Students in Tibet have been banned from taking part in religious activities over the summer holidays, Chinese state media reported Tuesday.
The ban will fall hard on Tibet’s large Buddhist community, already under pressure as Chinese President Xi Jinping tightens controls over religious observance.
The school regulations apply to all “underage students” in Tibet, the state-run Global Times reported, without specifying their ages.
The regulations follow similar edicts by the ruling Communist Party in other regions with large ethnic minority populations, starting with a clampdown on Islam in Xinjiang, a majority-Muslim region in China’s far west.
China is the midst of rolling out newly revised Religious Affairs Regulations, intensifying punishments for unsanctioned religious activities across all faiths and regions.
In Linxia, another heavily Muslim area in China’s west, minors under the age of 16 were barred from religious activity and study.
“We have sent notices to both students and their parents, and have had students sign an agreement that they will not take part in any form of religious activity during the summer vacation,” an official at a school in Tibet’s capital Lhasa told the Global Times.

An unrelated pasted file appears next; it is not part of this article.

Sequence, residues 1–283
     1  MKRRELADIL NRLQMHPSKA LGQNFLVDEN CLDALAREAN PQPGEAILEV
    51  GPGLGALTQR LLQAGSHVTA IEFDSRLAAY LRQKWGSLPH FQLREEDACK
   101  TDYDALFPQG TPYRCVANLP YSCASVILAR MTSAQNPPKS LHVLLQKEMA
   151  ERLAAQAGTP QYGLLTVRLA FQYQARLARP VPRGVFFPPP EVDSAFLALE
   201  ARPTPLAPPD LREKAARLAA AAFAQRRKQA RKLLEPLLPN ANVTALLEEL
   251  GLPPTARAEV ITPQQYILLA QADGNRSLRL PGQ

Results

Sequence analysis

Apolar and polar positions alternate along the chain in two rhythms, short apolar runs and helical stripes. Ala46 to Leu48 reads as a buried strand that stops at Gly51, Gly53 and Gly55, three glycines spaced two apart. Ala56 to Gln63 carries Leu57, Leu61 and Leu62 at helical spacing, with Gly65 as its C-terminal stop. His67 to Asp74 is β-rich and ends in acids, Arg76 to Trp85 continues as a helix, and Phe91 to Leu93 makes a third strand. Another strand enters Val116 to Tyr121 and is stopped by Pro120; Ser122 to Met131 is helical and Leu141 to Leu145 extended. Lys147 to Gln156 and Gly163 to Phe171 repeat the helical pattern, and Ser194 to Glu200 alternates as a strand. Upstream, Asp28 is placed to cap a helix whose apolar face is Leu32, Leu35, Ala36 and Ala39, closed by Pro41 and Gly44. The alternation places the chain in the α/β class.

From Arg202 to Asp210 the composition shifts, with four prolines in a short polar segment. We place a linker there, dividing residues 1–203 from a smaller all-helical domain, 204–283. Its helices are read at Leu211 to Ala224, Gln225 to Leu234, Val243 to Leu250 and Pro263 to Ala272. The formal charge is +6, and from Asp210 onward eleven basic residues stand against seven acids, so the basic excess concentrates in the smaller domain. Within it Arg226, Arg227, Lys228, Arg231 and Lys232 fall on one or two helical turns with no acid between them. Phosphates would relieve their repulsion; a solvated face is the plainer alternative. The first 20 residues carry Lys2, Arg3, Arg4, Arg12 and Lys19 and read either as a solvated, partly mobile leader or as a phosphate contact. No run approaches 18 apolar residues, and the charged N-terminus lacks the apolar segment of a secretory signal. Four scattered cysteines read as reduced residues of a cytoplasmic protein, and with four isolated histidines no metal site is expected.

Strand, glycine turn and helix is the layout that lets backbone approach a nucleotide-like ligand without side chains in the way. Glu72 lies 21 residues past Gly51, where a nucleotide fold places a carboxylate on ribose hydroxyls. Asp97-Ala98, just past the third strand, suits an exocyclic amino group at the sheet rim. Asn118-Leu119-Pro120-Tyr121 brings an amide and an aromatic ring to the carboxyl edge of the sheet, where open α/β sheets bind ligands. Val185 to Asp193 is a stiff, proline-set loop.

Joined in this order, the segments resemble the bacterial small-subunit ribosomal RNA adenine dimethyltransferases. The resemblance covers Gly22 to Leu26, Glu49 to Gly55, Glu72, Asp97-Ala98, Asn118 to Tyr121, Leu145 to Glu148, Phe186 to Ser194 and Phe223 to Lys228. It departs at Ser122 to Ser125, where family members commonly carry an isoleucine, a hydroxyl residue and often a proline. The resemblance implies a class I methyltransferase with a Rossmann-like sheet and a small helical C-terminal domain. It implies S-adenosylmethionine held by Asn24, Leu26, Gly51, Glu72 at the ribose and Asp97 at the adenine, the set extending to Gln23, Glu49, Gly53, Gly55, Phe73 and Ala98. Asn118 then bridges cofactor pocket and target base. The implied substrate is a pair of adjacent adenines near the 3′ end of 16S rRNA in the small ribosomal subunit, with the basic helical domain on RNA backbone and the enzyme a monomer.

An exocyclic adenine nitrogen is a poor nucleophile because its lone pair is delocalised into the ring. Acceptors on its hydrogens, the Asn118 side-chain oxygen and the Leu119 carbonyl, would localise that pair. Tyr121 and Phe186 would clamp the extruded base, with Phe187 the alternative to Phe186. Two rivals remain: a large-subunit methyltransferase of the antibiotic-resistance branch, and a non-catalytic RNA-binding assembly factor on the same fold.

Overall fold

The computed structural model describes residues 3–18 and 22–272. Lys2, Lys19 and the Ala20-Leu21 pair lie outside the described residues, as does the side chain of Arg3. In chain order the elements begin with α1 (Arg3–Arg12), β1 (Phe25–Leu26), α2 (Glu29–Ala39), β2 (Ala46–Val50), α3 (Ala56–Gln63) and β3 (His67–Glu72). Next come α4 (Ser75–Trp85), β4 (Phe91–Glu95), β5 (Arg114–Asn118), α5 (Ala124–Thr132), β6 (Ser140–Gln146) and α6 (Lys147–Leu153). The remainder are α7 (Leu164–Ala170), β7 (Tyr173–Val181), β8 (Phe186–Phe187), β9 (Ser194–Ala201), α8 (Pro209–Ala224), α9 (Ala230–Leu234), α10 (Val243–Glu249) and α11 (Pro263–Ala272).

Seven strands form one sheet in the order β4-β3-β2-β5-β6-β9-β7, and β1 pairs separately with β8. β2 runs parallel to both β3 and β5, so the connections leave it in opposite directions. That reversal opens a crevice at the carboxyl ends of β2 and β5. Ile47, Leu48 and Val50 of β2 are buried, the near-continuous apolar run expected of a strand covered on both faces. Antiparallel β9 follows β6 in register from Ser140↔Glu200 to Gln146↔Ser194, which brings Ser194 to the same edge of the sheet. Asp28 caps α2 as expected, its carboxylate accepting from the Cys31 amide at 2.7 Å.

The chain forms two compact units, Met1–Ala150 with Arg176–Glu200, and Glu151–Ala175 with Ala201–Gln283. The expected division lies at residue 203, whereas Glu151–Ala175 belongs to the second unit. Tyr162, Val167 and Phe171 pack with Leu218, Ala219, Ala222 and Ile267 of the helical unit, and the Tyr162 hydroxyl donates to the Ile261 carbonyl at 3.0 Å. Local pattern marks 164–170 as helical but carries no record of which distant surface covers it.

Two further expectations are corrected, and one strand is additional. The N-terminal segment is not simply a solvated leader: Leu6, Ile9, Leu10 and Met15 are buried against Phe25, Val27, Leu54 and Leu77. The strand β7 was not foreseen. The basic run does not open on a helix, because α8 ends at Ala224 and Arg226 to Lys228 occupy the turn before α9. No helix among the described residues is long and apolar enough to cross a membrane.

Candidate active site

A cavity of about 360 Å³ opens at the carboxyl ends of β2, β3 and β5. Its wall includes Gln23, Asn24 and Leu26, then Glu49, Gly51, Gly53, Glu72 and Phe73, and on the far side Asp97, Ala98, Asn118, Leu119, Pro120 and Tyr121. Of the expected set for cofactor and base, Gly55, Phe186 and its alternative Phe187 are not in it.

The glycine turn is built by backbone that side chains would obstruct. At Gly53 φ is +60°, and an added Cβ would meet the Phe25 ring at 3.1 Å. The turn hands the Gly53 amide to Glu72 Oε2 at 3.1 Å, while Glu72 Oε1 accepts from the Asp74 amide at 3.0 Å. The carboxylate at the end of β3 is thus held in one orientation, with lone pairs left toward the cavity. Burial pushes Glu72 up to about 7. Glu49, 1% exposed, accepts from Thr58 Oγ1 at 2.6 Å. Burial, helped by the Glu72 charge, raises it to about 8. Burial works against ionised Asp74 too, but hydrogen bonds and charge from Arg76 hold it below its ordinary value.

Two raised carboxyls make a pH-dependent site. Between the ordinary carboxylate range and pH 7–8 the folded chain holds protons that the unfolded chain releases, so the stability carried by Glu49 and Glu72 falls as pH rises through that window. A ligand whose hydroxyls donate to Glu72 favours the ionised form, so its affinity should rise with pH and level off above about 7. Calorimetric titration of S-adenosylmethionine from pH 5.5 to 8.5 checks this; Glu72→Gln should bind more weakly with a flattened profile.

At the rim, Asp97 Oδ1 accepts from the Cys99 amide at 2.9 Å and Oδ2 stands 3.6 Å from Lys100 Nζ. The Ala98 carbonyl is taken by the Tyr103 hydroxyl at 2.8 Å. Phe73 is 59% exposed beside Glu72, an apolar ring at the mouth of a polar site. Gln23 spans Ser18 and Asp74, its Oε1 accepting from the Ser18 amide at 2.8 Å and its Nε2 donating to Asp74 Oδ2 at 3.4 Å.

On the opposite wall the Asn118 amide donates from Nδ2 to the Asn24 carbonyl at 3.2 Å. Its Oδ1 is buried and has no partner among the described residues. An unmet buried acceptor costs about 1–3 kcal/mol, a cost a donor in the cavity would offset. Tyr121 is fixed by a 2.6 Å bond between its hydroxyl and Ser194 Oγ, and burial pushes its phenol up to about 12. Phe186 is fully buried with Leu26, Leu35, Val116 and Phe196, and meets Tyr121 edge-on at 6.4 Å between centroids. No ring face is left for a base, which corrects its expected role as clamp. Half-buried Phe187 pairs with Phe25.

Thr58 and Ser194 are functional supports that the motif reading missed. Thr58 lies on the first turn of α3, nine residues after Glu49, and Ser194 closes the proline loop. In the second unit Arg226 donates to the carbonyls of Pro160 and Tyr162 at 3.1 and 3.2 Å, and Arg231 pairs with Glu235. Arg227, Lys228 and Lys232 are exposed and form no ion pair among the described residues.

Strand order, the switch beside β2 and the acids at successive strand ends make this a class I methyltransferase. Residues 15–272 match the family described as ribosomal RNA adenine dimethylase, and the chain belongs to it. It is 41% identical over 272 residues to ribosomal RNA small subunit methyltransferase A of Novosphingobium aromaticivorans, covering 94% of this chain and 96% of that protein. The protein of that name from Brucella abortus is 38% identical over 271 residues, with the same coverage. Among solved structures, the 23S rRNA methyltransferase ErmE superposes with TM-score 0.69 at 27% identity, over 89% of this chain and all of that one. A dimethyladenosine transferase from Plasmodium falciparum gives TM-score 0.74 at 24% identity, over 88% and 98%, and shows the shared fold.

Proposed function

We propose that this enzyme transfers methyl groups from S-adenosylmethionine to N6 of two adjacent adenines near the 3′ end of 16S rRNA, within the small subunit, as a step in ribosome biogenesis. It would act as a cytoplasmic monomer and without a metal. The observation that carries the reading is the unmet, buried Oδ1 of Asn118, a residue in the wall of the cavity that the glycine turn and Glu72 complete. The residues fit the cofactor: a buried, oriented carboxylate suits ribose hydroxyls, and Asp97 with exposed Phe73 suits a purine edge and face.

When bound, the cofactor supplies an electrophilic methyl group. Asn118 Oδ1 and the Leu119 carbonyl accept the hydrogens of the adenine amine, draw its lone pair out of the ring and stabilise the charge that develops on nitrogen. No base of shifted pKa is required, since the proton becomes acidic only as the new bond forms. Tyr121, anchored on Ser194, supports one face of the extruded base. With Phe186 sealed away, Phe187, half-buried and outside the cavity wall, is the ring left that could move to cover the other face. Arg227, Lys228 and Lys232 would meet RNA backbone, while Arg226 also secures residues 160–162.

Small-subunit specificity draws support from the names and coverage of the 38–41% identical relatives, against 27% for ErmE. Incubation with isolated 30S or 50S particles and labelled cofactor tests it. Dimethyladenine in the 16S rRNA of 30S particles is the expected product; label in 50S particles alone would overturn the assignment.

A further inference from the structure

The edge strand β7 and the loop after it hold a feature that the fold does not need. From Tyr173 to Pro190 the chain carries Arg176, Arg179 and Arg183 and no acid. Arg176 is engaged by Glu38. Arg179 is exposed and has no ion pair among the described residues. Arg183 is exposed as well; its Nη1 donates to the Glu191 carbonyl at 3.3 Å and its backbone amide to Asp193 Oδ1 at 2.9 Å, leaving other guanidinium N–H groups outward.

Beijing says it “peacefully liberated” Tibet in 1951 and insists it has brought development to a previously backward region.
But many Tibetans accuse it of exploiting the region’s natural resources and encouraging an influx of the majority Han ethnic group, which critics say is diluting the native culture and Buddhist faith.
China’s constitution protects free speech and religion but critics say in reality there is little room for any opinions that challenge government policies.
This spring a Tibetan who campaigned to preserve his region’s ancestral language was jailed for five years for “inciting separatism” in a case which Amnesty International denounced as “beyond absurd”.
Local authorities declined to comment when reached by phone on Tuesday.